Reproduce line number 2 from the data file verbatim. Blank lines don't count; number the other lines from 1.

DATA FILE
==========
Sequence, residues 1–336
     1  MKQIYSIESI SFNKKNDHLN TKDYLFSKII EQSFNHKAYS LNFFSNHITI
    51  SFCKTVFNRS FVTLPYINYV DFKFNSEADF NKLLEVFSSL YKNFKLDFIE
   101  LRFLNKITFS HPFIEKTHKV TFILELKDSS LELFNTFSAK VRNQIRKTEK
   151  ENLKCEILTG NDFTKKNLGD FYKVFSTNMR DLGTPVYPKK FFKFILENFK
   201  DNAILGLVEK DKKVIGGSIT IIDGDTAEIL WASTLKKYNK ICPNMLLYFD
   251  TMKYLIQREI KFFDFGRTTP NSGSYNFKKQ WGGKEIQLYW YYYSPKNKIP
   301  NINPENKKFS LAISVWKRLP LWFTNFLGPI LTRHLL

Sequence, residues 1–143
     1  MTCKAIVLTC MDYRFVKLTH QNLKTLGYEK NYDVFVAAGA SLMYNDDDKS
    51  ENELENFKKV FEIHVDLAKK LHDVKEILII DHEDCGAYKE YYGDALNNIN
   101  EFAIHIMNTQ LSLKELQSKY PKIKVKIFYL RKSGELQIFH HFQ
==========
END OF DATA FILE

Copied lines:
     1  MKQIYSIESI SFNKKNDHLN TKDYLFSKII EQSFNHKAYS LNFFSNHITI